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April 18 I Saturday

2 Samuel 3-5

Luke 14:25-35

“I am the true vine, and My Father is the gardener. He cuts off every branch in Me that bears no fruit, while every branch that does bear fruit He prunes so that it will be even more fruitful.”   —John 15:1-2

 

If we were to visit Israel today, we would see the symbol of the Israeli tourist board almost everywhere. The symbol is of two people with a pole on their shoulders, reaching from one to the other and a huge batch of grapes hanging below it. The symbol is a reference to the spies who brought back to Moses the riches of the land of Israel; they were carrying grapes and pomegranates with poles on their shoulders.

The vine became a key image that runs through the Old Testament. In fact, it is the symbol of the nation itself. Many of the Old Testament prophets and writers allude to Israel through the symbol of a vine. For example, Isaiah 5:4 tells us, “What more could have been done for my vineyard than I have done for it? When I looked for good grapes, why did it yield only bad?” In another instance, God says, “I had planted you like a choice vine of sound and reliable stock. How then did you turn against me into a corrupt, wild vine?” (Jeremiah 2:21). From these two verses, we find a general message on the failure of the vine to produce fruit, develop roots, be pruned and grow.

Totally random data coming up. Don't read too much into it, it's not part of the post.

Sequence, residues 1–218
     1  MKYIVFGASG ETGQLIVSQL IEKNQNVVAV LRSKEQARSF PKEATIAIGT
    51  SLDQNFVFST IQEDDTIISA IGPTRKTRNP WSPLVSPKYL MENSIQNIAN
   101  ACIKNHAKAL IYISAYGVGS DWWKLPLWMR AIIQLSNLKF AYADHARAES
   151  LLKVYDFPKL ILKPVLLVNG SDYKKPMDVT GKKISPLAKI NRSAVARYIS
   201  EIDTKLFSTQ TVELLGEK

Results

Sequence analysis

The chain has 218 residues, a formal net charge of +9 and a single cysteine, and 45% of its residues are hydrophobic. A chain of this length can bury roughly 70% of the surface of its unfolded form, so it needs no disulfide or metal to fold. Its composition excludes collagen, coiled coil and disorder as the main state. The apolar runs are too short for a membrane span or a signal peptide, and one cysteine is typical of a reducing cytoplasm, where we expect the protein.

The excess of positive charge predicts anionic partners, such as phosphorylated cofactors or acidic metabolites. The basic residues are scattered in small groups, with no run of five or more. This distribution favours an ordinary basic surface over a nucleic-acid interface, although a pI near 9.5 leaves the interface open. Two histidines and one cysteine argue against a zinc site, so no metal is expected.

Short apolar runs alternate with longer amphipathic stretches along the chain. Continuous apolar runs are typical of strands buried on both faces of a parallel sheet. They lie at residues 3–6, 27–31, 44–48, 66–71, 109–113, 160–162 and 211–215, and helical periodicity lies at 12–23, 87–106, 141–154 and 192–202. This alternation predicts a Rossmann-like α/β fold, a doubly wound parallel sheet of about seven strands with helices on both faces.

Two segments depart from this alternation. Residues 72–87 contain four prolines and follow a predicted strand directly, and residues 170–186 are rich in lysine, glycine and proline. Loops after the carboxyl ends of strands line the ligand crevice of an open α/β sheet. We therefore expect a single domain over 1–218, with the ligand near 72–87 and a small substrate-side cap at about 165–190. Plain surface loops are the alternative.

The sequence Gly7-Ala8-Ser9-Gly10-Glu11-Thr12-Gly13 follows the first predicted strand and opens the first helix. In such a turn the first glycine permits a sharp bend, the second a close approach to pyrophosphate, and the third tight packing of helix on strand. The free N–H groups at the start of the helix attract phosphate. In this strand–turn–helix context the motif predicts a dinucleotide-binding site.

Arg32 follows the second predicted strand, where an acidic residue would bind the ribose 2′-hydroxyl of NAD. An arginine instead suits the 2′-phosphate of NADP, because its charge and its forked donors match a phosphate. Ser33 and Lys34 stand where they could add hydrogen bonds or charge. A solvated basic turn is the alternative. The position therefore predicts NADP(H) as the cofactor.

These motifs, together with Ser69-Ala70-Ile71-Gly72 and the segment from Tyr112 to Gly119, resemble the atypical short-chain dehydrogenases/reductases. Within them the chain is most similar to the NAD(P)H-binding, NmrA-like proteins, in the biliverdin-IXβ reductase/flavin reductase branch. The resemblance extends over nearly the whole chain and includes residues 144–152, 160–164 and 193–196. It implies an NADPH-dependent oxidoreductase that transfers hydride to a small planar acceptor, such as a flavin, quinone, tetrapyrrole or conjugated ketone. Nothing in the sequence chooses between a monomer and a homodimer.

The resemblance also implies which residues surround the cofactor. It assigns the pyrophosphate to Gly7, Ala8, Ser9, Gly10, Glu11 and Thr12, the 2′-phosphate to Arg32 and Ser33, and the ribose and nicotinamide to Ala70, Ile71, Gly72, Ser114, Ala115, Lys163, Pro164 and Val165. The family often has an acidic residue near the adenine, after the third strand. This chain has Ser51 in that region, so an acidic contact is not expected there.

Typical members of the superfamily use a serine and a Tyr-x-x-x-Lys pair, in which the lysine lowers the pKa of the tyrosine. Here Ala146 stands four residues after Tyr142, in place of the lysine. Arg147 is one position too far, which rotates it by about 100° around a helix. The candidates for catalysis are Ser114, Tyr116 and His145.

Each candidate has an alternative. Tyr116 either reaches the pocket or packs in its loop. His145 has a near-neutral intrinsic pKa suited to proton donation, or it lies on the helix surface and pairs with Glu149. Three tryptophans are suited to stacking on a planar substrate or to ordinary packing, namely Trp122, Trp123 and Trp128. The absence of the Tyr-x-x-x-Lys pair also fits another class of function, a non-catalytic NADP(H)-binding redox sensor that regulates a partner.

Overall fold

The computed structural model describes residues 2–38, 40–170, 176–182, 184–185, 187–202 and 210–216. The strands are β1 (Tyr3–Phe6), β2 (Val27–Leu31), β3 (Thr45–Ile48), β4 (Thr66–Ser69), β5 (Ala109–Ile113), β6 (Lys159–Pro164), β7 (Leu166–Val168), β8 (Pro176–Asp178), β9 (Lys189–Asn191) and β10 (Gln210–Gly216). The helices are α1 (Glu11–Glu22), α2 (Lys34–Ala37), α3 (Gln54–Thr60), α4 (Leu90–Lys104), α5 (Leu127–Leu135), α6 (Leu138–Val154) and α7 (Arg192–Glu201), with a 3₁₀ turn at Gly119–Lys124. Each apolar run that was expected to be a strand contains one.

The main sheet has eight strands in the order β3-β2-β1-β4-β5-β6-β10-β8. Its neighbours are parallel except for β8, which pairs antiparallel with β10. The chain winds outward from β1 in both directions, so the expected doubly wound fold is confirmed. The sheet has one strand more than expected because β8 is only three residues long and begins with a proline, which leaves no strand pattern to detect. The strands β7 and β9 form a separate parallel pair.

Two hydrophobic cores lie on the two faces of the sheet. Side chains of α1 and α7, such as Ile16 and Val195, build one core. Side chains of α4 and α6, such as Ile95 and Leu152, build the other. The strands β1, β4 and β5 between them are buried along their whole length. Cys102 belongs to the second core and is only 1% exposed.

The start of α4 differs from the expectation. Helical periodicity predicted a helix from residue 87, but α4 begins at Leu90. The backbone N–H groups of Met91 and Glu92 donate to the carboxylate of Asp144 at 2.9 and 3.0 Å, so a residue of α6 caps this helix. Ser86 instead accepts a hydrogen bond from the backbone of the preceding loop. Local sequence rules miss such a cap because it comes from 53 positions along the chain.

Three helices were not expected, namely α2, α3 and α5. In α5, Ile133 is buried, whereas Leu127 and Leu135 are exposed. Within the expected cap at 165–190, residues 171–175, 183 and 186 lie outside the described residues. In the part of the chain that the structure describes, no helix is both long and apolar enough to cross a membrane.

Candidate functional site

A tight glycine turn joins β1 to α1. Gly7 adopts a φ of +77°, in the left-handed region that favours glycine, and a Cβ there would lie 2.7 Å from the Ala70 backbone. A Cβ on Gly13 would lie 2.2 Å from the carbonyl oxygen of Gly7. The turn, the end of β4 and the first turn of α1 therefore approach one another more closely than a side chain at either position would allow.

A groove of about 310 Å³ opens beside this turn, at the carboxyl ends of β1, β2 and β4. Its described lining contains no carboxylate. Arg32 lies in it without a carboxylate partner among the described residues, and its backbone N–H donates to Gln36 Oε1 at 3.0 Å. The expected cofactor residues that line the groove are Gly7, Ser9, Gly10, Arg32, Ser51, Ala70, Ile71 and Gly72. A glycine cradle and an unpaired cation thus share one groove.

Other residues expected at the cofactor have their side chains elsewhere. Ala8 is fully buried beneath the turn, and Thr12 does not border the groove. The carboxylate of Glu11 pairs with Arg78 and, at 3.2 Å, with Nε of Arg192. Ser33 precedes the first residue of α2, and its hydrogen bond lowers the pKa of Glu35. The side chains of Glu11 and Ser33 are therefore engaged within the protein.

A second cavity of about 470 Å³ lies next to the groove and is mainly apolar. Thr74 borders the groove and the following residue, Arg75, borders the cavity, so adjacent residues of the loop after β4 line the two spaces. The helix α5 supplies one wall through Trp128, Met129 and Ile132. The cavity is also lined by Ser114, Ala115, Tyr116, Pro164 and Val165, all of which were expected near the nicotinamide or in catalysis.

Interestingly, the psalmist Asaph writes, “You transplanted a vine from Egypt; You drove out the nations and planted it” (Psalm 80:8). That verse references God bringing the Israelites out of Egypt and planting them in Canaan, the Promised Land. But Asaph then explains how the vine was now broken: boars ravaged it and eventually it burned with fire. This picture, however, shifts when Asaph tells us, “Let Your hand rest on the man at Your right hand, the Son of Man You have raised up for Yourself” (Psalm 80:17).

Who is Asaph referring to as “the man at your right hand” that would be raised to replace this degenerated vine that only gives bad fruits? Israel wondered that for centuries until the answer is found when Jesus said, “I am the true vine” (John 15:1). Jesus is not just the vine; He is the true vine. Israel, being set apart by God was only a foreshadow, an anticipation and a preparation for what God was sending to be the true vine––Christ Himself, the source of life and fruitfulness. 

Jesus tells us, “Remain in Me, as I also remain in you. No branch can bear fruit by itself; it must remain in the vine. Neither can you bear fruit unless you remain in me” (John 15:4). Jesus’s purpose is to produce fruit in the branches that are united to His vine. Are we part of His vine?

 

Prayer: Dear Jesus Christ, thank You for being the true vine, where only those who remain in You will have life and bear fruit. Take my life and let it abide in You. Praise You!


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